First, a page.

18×24″ oil on linen– Happy Thanksgiving everybody! I have so much to be grateful for. One thing I’m thankful for is the time I get to spend outdoors with a paintbrush appreciating nature and I’m thankful for you for appreciating it, supporting it and encouraging me to continue creating it.
The inch of rain we had a couple weeks ago is bringing back the green as baby grasses and herbs are sprouting. In Southern California, all the stuff we learned about seasons in Kindergarten is horsefeathers. Rather than everything going dormant and dying in late fall and winter, around here the first autumn rains bring an early spring and new life to the landscape. So happy Spring in November, everybody!
Here are a couple of recent 9×12″ paintings of the Santa Barbara Coastline. The top one was painted under some dramatic skies from out on Stearn’s Wharf. The second was painted up the coast from Haskel’s Beach during a minus tide as the underwater eel grass meadows are revealed and the egrets are hunting for fish and crabs in the tide pools.
There is always something beautiful to paint, wherever I find myself. The tough part is deciding how to narrow it down…
Garrapata Dawn– 8×16″ oil on panel– This was painted on a lovely Big Sur morning. This is by far one of the prettiest parts of the planet I’ve ever experienced. Late Afternoon Glimmer– 6×8″ oil on panel– This small study of light on the water was painted at Limekiln State Park where I slept in the overflow site, under the bridge at the edge of the sand listening to waves roll in all night and the rain falling at one point.
15×30″ oil on linen– I hiked my easel out to the cliffs for a particularly beautiful afternoon last weekend… The backlit mustard glowed an electric yellow and the softest marine layer was rolling in from offshore playing lovely tricks with the light. Come out to the Bacara this Friday from 2-8pm for and Saturday 10-5pm for SCAPE’s “Visions of the Gaviota Coast” show which benefits the Gaviota Coastal Conservancy! Opening Receptions is Friday from 5-8 pm.
I’m excited to share this large oil painting (36×48″) that I created from memory, plein air sketches and photos of the hike up the creek to Seven Falls. I really wanted to try to show the feeling of coming out of the golden dappled-light of the oak canyon to the sun-drenched opening where the rocks and falls rise up. I had to invent the view a bit since the trees and geography get in the way as you are hiking up… it’s a truthful lie. I’m including some process images for the painters out there who would like to see how a painting like this develops. It starts with a sketch… I was thinking of the composition on this one as being kind of like a tunnel where the focal point of the cliffs and falls is circled by a ring of trees. My first block-in is really general with simple shapes that describe big features in the landscape. I was thinking of having the color palette on this one be triadic, with warm versions of green, violet and orange. The progress of the painting is starting to bring things out of the “fog” and describe them in smaller and smaller shapes. I’ll attach a couple of details below. Enjoy your day!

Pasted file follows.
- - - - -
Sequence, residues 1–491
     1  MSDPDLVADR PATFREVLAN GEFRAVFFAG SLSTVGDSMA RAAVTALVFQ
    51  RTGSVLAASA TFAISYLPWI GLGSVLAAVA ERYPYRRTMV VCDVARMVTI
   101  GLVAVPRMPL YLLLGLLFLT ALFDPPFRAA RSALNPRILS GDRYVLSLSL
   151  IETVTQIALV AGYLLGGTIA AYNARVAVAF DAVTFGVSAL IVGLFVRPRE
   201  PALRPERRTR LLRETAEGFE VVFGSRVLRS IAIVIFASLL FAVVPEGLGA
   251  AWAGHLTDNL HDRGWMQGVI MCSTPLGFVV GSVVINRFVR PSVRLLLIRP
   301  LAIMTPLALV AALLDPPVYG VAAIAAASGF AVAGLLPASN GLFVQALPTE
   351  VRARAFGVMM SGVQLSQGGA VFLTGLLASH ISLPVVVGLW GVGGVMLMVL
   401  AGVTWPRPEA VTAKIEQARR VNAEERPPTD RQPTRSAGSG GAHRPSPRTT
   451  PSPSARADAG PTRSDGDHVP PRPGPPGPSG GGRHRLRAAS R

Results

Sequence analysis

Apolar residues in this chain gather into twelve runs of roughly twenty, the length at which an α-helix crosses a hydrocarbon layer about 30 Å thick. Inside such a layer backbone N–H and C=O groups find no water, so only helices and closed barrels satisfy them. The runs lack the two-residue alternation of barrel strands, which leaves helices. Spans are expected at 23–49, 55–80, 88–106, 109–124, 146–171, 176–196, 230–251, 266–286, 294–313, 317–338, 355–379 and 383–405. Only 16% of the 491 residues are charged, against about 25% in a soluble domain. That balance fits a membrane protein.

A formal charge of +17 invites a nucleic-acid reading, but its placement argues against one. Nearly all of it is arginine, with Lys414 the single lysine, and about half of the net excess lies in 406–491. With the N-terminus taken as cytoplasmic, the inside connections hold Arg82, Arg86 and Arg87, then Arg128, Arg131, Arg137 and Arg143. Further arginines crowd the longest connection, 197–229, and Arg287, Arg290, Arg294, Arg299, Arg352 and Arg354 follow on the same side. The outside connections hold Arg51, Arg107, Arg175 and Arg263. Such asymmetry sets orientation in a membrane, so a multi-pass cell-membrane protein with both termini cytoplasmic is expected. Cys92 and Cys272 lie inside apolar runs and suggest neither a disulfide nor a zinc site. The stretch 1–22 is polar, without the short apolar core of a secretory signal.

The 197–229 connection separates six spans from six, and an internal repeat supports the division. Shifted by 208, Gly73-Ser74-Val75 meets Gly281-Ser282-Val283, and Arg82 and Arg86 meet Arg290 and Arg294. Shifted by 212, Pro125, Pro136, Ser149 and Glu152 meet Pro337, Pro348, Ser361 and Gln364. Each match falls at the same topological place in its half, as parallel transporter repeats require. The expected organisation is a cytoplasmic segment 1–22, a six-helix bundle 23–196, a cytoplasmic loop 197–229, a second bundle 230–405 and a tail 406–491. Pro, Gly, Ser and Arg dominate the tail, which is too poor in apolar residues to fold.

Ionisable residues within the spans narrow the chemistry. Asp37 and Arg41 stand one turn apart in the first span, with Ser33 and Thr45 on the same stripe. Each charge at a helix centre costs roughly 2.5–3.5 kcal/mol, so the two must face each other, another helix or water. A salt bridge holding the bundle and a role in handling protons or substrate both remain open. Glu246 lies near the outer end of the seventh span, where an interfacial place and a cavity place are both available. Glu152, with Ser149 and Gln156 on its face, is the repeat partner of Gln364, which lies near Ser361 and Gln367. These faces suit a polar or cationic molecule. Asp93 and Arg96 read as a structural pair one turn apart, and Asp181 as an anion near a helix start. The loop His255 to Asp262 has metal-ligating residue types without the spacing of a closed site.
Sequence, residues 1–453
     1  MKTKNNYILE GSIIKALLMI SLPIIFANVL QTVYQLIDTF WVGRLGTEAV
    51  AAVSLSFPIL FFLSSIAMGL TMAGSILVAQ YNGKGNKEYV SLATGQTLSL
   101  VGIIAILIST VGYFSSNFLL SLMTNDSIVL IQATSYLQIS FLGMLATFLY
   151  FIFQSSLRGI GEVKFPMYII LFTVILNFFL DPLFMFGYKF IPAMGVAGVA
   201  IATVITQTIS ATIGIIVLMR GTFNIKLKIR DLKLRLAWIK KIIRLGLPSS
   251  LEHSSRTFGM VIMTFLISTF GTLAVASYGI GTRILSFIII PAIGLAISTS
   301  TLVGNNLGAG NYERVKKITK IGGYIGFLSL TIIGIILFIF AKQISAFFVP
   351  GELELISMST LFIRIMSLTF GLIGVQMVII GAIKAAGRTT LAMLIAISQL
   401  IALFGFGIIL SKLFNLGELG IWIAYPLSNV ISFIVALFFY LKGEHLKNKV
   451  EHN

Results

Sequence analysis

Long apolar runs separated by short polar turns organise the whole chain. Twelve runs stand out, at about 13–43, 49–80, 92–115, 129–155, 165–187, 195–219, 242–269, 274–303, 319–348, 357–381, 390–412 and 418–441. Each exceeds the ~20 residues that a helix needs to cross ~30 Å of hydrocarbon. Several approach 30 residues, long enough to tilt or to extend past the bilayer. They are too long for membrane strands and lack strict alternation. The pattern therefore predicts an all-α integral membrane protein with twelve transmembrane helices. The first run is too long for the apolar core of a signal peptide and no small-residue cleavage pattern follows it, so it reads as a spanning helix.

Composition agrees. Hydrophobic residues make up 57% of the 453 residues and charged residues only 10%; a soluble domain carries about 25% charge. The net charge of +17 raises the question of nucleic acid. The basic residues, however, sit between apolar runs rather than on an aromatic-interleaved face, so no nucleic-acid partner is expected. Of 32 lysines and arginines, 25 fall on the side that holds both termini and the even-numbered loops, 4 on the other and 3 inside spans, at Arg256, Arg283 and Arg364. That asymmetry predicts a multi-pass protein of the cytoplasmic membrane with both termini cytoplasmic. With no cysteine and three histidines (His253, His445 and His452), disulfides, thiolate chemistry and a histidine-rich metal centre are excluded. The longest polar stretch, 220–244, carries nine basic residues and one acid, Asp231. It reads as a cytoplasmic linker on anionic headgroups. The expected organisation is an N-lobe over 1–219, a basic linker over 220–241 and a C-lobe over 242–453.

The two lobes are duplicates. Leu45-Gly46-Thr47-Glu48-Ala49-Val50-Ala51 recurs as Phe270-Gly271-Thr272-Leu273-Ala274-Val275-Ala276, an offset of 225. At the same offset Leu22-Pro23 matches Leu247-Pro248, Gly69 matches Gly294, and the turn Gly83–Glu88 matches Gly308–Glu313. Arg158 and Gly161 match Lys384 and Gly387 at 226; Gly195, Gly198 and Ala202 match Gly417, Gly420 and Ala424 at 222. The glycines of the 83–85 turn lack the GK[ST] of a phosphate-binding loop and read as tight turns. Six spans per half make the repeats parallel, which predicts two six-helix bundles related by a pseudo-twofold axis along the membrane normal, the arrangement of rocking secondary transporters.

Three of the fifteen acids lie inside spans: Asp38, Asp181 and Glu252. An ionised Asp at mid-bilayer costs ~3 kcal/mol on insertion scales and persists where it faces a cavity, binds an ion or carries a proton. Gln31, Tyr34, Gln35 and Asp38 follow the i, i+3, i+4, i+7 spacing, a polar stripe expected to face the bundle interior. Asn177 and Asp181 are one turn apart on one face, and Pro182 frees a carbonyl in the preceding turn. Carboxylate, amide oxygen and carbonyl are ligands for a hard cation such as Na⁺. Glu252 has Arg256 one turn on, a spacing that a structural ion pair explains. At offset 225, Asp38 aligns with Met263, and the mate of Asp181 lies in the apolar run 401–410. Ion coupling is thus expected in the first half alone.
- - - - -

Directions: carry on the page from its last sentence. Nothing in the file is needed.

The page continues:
9×12″ oil on canvas panel– The first mustard seeds are sprouting yellow on the green hills beyond the slough. It is a party for the frogs and birds out in the many vernal pools that have formed on the bluffs after the rains. The equinox is next week– welcome spring!
24×36″ oil on linen– It’s raining right now as I post this giving the promise of even more days this spring for rock hopping up our local creeks to find boulder falls and pools like this lit by sunlight filtered through the oak and bay laurel canopy… I threw some poison oak into this one. I’ve had it quite a bit this winter from mushroom hunting this winter. Although it would be nice to just walk cross country without having to always be mindful of what twigs you are touching, I’d never wish this plant not to be there. I think of it as kind of a protector in the forest, making us watch where we step and being sure there are places always for wildlife to hide and for people to not be. And besides– it adds to the fun challenge of a rock scramble obstacle course to have some poison oak “hot lava” spots…